A Sociological Study of Emotions, Reflexivity and Culture
Publisher: Palgrave Macmillan
Series: Palgrave Macmillan Studies in Family and Intimate Life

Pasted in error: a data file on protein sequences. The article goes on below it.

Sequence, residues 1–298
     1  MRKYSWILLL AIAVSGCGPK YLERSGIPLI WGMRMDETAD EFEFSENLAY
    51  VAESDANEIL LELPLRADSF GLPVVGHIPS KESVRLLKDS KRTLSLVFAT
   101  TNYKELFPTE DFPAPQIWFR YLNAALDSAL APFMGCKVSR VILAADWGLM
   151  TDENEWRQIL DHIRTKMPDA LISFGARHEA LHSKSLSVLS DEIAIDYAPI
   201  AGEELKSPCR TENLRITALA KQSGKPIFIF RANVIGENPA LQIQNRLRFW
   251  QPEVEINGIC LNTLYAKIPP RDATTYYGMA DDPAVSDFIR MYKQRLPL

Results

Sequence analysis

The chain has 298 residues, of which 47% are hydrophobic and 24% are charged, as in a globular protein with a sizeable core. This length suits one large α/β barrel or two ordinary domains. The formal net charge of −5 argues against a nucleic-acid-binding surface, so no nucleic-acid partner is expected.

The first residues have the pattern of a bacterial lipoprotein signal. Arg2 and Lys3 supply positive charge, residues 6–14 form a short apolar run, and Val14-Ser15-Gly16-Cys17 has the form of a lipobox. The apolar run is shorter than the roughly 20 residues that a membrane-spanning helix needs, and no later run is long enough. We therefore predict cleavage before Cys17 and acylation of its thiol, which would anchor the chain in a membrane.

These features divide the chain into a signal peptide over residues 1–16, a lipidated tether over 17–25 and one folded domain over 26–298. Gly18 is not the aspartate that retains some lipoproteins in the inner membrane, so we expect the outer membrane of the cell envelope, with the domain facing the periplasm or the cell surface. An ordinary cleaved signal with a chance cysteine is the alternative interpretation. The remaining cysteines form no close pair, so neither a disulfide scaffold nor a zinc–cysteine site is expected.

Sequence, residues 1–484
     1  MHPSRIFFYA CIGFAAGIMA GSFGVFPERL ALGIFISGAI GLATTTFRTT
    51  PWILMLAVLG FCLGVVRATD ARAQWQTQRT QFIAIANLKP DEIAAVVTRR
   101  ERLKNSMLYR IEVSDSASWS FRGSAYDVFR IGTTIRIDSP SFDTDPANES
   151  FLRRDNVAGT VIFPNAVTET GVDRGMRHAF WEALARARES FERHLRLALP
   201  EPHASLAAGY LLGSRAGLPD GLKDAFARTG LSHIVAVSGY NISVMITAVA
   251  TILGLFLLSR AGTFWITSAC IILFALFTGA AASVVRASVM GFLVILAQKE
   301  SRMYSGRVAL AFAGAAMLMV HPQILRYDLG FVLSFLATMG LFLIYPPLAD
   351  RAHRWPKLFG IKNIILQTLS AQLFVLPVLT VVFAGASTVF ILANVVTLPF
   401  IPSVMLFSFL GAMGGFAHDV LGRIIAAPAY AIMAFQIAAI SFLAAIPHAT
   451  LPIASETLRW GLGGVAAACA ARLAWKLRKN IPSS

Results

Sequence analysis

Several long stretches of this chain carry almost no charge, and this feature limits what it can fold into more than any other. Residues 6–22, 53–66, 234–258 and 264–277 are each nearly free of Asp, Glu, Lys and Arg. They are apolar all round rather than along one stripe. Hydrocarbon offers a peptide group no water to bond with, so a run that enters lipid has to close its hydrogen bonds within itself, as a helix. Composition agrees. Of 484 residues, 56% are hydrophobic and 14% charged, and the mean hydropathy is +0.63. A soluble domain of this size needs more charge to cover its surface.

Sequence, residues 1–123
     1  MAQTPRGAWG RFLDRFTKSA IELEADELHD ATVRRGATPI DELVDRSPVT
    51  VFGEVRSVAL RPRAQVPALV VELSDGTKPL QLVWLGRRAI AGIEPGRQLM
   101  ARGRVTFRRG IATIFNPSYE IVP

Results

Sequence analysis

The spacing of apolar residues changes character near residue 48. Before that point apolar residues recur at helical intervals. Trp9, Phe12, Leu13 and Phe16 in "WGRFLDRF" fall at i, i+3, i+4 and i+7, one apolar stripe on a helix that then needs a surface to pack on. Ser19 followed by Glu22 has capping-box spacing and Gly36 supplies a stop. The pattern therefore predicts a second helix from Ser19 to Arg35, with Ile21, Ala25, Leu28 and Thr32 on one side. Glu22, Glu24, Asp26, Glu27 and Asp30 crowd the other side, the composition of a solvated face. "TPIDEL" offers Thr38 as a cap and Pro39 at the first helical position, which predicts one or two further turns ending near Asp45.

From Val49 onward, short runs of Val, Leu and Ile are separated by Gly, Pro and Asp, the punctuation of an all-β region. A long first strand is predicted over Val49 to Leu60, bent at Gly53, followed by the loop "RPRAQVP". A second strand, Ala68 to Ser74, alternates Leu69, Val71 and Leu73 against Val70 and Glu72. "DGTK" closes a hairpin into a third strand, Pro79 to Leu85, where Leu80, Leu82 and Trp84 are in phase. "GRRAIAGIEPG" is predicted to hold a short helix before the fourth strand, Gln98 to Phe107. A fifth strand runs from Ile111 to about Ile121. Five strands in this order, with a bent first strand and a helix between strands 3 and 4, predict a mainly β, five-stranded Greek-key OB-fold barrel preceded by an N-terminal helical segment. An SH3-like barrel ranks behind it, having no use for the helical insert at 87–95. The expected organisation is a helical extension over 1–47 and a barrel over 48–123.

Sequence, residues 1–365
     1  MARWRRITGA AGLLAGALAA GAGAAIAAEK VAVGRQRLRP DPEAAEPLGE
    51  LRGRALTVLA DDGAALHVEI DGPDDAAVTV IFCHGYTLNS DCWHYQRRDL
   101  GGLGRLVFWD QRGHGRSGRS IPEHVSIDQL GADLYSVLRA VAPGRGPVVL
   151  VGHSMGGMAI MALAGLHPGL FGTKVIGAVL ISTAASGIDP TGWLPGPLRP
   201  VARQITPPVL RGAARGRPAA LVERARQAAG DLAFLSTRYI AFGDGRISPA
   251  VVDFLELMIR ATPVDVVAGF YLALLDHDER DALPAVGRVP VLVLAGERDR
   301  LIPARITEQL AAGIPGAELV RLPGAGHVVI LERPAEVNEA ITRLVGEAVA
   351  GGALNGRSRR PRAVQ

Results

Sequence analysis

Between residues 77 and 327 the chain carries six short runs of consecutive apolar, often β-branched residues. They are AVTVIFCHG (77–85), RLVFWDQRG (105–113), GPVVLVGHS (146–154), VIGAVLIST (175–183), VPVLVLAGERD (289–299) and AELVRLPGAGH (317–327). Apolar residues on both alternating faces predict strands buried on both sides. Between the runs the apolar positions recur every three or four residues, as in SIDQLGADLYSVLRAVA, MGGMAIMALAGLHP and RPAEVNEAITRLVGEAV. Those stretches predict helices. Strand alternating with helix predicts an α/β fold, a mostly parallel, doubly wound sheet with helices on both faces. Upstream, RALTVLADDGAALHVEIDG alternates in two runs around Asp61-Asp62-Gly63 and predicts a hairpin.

Recent academic theorizing tends to position ordinary relationships as something we have lost, to be mourned; yet their nature, what we are assumed to have lost, is not seriously engaged with. Drawing on rich empirical data – and on recent theoretical work on culture, reflexivity and emotions – this book questions epochal and undifferentiated claims about contemporary emotional lives, and sets out to be explicit about the nature of ordinary relationships. In place of an academic and cultural preoccupation with emotions talk and disclosure, it emphasises the significance of the unsaid, what we do, as much as what we say, and the work we do to maintain a sense of privacy. It also questions the extent to which a sense of vulnerability has become central to how we make our way emotionally in the world. In doing so it argues for a reconceptualization of intimacy, reflexivity and vulnerability. Ordinary Relationships can be read as a call to be curious about, and to have our head turned by, extant and background practices and the ordinary relationships that create and are constituted by them.